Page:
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Science says yes.

Jillian Kramer
April 20, 2017

Let's all admit it: It is so much easier to add a bag of frozen broccoli to our grocery carts than comb through piles of florets to find one perfect green bunch—only to take it home and spend precious minutes trimming its leaves and stalks, and cut it into bite-size pieces to steam or sauté. But removing all that work—by buying broccoli in a bag, ready to pop into the microwave or in a pan—definitely feels like cheating.

But could buying frozen veggies actually have an upside?

A new study shows that many vegetables and some fruits are just as nutritious when they come from the freezer section—and often, they're even better for us than the fresh variety. So go ahead and cheat away.

For two years, University of Georgia researchers analyzed the various nutritional values—i.e., vitamin C, vitamin A, and folate levels—of broccoli, cauliflower, corn, green beans, green peas, spinach, blueberries, and strawberries. For the study, the produce was stored in three ways: fresh, refrigerated, or frozen.

The research, which will be published in June's edition of the Journal of Food Composition and Analysis, shows that all vegetables and fruit—whether fresh, refrigerated, or frozen—have essentially the same nutritional value. But often, frozen veggies and fruits have even higher levels of nutrients than other varieties.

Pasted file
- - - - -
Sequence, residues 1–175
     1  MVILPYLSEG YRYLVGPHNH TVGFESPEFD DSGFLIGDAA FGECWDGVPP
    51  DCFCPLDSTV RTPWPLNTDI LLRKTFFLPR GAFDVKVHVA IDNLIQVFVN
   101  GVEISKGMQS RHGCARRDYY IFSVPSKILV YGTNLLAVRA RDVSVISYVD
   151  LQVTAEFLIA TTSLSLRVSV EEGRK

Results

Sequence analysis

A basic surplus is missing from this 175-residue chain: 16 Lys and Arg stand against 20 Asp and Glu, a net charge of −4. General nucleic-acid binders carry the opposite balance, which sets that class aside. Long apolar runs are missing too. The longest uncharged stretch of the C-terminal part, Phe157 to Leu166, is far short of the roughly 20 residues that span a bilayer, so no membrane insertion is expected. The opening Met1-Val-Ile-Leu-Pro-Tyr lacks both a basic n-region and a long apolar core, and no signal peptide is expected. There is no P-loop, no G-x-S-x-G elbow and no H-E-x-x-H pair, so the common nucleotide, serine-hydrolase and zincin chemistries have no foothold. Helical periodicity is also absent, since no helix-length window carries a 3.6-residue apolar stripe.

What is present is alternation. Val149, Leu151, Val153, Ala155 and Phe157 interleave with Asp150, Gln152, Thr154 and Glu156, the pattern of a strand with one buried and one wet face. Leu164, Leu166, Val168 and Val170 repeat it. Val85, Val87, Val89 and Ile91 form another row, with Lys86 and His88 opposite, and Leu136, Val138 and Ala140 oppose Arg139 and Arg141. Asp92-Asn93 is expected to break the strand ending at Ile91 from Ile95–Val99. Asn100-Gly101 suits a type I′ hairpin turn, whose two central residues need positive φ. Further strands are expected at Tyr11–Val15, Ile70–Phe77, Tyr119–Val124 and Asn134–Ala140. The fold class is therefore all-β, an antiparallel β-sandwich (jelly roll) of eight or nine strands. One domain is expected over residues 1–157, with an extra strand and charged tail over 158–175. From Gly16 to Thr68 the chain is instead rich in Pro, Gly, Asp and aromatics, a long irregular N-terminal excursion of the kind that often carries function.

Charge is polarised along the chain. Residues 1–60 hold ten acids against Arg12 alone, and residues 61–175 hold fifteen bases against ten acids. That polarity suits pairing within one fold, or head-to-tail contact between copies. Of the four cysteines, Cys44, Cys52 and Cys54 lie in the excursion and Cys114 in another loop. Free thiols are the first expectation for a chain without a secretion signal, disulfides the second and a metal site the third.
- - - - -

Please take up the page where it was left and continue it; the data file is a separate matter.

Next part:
"When considering the refrigerated storage to which consumers may expose their fresh produce prior to consumption, the findings of this study do not support the common belief of consumers that fresh food has significantly greater nutritional value than its frozen counterpart," the researchers write.

Now, here's the all-too-common-rub: The research was sponsored, in part, by the Frozen Food Foundation, which has an obvious stake in proving frozen foods are just as good as fresh. But still, the research holds some promise. If Veggies and fruit are frozen at their freshest points, a process called fresh freezing, it found that they hold on to those nutrients once they're in the freezer.